Fashola: Nigeria’s high debt profile shouldn’t be an obstacle to $22.7bn loan

Fashola: Nigeria’s high debt profile shouldn’t be an obstacle to $22.7bn loan
December 10
17:13 2019

Babatunde Fashola, minister of works and housing, says Nigeria can not afford to ignore “life-sustaining” infrastructure amid concerns for high debt profile.

Fashola said this on Tuesday when he appeared before the house of representatives joint committee on rules and debt management to defend President Muhammadu Buhari’s loan request of $22.7 billion.

The president recently wrote the national assembly to approve the request — contained in the federal government’s 2016-2018 external borrowing plan — after it was rejected in the previous assembly.

Buhari had sent a loan request of N29.96 trillion in 2016, but only few projects were approved, leaving the balance at N22.7 billion, according to documents seen by TheCable.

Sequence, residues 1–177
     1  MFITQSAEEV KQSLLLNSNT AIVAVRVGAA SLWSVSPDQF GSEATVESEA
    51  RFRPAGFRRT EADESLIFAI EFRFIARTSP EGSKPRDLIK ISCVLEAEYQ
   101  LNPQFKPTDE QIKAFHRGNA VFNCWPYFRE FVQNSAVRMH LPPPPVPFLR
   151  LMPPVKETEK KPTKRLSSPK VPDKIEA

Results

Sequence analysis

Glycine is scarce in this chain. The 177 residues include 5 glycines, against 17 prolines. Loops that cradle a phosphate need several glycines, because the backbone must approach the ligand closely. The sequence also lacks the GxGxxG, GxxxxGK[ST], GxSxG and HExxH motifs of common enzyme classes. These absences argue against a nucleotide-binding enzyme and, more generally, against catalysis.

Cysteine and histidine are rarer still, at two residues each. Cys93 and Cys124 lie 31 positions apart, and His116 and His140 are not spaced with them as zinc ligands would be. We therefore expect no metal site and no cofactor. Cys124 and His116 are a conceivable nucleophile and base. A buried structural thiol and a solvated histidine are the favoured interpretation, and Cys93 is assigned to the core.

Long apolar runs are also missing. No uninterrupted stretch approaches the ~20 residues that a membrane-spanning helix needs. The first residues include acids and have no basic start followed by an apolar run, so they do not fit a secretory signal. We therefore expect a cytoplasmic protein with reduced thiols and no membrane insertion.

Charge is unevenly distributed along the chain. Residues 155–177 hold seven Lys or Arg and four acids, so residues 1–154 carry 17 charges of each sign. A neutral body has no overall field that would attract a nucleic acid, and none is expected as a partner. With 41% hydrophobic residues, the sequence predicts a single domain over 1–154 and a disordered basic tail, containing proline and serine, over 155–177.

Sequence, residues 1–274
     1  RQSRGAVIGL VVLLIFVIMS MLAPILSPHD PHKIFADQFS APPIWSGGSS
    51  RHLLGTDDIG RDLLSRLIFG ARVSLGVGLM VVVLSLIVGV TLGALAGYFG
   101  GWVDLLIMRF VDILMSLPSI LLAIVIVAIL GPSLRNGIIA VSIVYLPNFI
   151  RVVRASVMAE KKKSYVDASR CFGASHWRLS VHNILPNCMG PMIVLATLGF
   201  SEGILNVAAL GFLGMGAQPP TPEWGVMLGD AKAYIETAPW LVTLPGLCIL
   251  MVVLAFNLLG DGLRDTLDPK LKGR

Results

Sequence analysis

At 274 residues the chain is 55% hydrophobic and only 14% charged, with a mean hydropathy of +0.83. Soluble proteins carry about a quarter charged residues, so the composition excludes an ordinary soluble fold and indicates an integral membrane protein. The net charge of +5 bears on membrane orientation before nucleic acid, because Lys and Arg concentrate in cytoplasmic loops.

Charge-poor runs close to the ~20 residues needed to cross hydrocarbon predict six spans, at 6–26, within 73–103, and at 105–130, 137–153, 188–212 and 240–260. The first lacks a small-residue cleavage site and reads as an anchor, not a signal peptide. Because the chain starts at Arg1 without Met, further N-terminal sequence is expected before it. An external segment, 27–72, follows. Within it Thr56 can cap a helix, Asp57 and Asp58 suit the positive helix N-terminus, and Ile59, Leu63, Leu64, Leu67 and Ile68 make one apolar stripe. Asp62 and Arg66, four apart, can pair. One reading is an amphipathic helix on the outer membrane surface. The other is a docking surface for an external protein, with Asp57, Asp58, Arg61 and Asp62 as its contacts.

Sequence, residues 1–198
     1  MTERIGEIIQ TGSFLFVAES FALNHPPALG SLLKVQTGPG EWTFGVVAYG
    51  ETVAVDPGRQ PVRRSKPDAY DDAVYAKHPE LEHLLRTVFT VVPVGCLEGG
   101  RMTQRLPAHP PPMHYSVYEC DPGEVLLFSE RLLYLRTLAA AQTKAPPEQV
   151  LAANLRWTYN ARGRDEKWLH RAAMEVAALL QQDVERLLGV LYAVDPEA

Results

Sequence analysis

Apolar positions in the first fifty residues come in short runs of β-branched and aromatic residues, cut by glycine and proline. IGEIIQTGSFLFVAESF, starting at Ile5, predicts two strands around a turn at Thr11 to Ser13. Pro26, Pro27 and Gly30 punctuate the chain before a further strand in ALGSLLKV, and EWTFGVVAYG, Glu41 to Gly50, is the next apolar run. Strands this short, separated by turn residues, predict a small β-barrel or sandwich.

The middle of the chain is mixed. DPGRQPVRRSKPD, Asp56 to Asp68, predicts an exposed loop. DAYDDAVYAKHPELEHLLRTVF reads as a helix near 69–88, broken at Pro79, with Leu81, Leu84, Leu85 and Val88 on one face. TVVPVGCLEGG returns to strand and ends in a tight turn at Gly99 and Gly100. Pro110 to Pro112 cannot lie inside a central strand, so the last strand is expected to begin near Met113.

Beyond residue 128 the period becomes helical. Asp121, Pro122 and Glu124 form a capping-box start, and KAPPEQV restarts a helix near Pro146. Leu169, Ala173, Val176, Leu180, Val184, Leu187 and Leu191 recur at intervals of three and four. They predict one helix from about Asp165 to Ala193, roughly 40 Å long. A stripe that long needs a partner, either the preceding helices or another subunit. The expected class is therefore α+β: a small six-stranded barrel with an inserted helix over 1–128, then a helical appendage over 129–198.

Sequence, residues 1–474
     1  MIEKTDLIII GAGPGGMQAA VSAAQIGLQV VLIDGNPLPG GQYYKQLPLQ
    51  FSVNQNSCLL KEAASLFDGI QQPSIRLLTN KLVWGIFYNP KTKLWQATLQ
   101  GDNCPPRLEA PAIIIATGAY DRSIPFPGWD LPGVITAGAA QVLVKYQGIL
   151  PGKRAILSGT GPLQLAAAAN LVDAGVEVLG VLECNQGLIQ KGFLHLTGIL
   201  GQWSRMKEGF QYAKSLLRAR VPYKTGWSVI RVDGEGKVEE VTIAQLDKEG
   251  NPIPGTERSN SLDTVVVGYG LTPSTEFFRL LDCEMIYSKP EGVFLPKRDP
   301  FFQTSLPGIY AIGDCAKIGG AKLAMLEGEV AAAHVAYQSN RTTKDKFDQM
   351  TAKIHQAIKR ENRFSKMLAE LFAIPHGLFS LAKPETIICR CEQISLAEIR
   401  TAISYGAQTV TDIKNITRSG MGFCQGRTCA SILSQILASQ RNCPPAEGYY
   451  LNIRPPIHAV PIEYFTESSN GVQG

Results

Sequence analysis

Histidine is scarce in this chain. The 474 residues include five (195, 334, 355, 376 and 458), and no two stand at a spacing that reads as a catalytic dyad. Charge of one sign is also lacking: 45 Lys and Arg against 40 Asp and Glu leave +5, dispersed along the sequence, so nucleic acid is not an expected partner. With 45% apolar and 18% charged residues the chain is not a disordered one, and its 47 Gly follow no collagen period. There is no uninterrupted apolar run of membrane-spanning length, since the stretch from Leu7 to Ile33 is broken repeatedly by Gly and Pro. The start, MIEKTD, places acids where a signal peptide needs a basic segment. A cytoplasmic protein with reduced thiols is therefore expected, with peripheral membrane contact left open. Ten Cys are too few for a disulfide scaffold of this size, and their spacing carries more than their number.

Addressing the lawmakers, Fashola said while concerns for high debt profile are legitimate, every Nigerian wants basic infrastructure such as roads and rail projects.

“As we cannot ignore those concerns about debt, so we cannot ignore the concerns and the demand for the provisions of life-sustaining infrastructure,” he said.

“So, everybody wants a road. Everybody wants a rail project, everybody wants a bespoke and efficient airports.

“We want to ensure that our ports are efficient so that businesses can function more effectively, so that clearing of goods can happen more quickly and cheaply.

“And we are in the midst of these fiscal challenges that she has identified; that the revenues are not just enough to provide all of those needs.”

He said despite the challenge of low revenue, the current administration has committed to addressing “as much of the infrastructure needs as we can accommodate.”

“We are in a place where the choices before us are whether to stop or to continue. If we decide to continue, we must find a way to finance this assets to closure,” he added.

As of June, Nigeria’s total public debt profile was estimated at  N25.7 trillion.


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